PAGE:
Precision medicine is premised on the idea of improving health outcomes by generating and using many sources of personal data to more accurately group and treat patients. Prescribing certain medications on the basis of a patient's race has long come under fire from those uneasy with using race as a surrogate for biology when treating disease.
But there are multiple challenges to overcome before we can move beyond race-based treatment decisions, writes Duke University geneticist and bioethicist Charmaine Royal in a perspective piece published in the New England Journal of Medicine
‘Prescribing certain medications on the basis of a patient's race has long come under fire. But, there are multiple challenges to overcome before we can move beyond race-based treatment decisions.’
In 'Will Precision Medicine Move Us beyond Race?' Royal and colleagues Vence Bonham of the National Institutes of Health and Shawneequa Callier of The George Washington University describe some of the thorny issues raised by race-based drugs.
When the first race-based drug, BiDil, was approved by the FDA a decade ago to treat African Americans with heart failure, advocates heralded it as a way to narrow health disparities between whites and blacks by targeting the group that suffered the most from the disease.
Yet the drug had not actually been shown to be more effective in African Americans than other patients, critics noted. What's more, it was only marketed to African Americans after efforts to obtain FDA and patent approval for use in the general population failed, leading many to question the commercial motivations for classifying it as an "ethnic" drug.
Race is also a common factor in prescribing ACE inhibitors, a class of drugs used to treat high blood pressure and heart disease. "ACE inhibitors have been shown to be less effective in blacks than whites, but one result of using race to dictate therapy is that individual black patients whose hypertension would respond to ACE inhibitors may not be offered one," the authors say.
"What we even mean by race has always been murky and is becoming even more so given changing demographics," said Royal, an associate professor of African and African American Studies and director of the Center on Genomics, Race, Identity, Difference at Duke's Social Science Research Institute. Someone who self-identifies as black, such as President Obama, likely has ancestors from multiple so-called races.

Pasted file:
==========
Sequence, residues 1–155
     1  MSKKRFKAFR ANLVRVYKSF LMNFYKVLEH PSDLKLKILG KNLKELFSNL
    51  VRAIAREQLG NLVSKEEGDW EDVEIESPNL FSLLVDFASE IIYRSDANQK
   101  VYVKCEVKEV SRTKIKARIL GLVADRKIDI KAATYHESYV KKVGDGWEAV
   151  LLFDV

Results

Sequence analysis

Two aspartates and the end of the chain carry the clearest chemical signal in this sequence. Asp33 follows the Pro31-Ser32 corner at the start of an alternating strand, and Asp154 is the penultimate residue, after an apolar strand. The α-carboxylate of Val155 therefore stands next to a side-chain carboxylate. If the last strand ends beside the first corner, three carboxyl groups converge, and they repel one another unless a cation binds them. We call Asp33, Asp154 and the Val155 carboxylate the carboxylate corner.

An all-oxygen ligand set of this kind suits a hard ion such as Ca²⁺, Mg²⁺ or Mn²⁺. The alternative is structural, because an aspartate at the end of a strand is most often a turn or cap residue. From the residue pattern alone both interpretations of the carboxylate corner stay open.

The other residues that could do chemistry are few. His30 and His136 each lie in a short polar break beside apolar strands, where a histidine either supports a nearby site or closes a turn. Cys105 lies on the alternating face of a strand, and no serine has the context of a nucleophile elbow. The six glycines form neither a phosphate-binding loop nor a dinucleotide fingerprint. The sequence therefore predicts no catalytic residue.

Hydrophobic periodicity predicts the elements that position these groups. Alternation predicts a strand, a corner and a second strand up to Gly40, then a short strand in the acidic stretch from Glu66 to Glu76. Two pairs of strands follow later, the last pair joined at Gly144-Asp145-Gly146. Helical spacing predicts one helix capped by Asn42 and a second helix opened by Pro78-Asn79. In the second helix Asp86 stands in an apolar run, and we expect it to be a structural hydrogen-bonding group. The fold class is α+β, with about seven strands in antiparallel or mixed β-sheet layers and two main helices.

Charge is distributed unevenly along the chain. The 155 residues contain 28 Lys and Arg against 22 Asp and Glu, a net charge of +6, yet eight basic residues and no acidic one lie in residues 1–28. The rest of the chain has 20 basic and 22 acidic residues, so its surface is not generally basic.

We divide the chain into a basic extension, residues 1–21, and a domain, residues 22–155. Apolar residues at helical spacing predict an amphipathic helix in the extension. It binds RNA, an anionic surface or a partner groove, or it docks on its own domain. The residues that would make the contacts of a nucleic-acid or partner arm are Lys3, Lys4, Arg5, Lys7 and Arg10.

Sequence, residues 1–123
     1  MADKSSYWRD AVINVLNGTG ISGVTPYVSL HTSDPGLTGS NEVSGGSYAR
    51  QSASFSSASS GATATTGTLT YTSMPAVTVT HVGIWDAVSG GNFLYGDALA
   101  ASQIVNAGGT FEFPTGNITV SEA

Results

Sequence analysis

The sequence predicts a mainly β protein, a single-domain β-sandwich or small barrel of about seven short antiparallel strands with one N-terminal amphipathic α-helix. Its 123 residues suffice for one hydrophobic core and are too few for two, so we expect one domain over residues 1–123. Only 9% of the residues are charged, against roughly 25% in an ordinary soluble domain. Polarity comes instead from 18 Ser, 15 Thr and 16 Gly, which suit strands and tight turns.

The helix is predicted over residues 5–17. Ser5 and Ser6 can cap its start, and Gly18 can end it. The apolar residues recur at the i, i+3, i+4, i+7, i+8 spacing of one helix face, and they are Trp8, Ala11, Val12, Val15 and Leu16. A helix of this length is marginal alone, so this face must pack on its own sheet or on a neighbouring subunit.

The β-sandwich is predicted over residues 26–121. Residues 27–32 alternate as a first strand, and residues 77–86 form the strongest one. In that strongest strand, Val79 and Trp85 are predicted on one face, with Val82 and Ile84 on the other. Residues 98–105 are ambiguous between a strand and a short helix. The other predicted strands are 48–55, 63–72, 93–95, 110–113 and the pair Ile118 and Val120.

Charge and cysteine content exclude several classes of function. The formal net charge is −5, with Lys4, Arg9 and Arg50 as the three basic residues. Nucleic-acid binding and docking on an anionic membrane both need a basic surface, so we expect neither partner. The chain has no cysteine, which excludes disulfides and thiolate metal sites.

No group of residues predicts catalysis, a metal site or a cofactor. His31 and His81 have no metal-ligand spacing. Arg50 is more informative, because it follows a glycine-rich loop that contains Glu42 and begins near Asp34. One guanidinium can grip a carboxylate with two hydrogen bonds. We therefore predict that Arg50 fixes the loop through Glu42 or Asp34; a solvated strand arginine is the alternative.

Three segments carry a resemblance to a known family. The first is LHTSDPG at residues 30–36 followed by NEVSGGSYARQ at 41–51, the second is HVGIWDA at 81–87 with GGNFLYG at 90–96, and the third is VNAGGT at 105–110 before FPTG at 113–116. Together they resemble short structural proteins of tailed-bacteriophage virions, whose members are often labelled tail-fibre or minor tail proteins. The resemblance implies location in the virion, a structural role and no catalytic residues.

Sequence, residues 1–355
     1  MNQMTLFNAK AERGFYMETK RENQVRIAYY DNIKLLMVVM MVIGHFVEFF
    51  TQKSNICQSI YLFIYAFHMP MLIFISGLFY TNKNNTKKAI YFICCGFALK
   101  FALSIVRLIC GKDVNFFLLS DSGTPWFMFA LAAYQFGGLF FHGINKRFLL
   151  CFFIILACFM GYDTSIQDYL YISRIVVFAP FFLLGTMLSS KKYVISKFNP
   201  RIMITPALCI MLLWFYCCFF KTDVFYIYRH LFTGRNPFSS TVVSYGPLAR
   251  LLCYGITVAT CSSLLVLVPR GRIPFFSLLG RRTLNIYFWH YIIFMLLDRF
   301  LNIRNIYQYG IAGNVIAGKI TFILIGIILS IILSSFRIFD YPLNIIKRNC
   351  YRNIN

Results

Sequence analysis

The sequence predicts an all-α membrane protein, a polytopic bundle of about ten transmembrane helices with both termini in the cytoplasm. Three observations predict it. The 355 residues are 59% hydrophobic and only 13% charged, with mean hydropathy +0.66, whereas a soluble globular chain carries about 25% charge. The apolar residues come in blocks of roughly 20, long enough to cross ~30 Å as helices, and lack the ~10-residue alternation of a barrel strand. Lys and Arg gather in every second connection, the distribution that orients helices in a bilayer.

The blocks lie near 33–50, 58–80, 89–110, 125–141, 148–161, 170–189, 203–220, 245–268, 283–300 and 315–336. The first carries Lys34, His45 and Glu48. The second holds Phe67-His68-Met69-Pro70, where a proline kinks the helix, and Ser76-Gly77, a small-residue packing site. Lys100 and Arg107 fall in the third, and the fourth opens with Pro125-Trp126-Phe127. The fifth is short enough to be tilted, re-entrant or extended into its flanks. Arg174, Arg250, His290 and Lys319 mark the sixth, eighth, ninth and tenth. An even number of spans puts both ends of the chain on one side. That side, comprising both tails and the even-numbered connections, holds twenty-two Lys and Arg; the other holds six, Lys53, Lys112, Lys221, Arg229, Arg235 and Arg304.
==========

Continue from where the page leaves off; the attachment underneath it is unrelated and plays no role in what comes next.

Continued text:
Given the genetic diversity that exists within racial groups, and the similarities between different groups, it is likely that a drug labeled for use in African Americans will not work for all African Americans, and that some non-African Americans would also benefit from the drug.
But getting drug manufacturers and clinicians to go beyond a race-based approach won't be easy, the authors say.
The makers of the clot-inhibiting drug Plavix, for example, were sued by the Attorney General of Hawaii in 2014 for failing to disclose that the drug was less effective in patients with certain inherited forms of a liver enzyme called CYP2C19.
Sharing such information with the public likely would have decreased sales in the state, as the variants are more common in Asians, Native Hawaiians and other Pacific Islanders - who make up more than half of Hawaii's population - than in whites.
Technological advances in DNA sequencing and analyzing large datasets will continue to generate insights about the genetics underlying differences in drug response. The data deluge will only further highlight the pitfalls of using imprecise race categories to prescribe drugs.
"Prescribing medications on the basis of race oversimplifies the complexities and interplay of ancestry, health, disease, and drug response," the authors write.
Eventually, optimizing drug treatments to a patient's unique genetic makeup, lifestyle, environment and other factors, rather than race, could help ensure that patients receive the right drug at the right dose - an approach called precision medicine.
"There are many hurdles to overcome if a precision medicine approach to health care is to replace the use of race in treatment decisions," the authors say.
One barrier to understanding the complex interplay between genes, environment and lifestyle is the lack of participant diversity in biomedical research and clinical trials. Addressing the problem will require recruiting more participants from minority groups to better reflect the diversity of the U.S. population.
We will also need cost controls for drugs found to be effective only in a few, the authors say.
Lastly, moving beyond race-based drug prescriptions will depend on the ability to equip health care providers with the resources and training they will need to collect and make sense of more types of data.
The authors say, "If the major challenges can be overcome, precision medicine could lead the way in reducing and ultimately eliminating the use of crude racial and ethnic census categories in drug prescribing."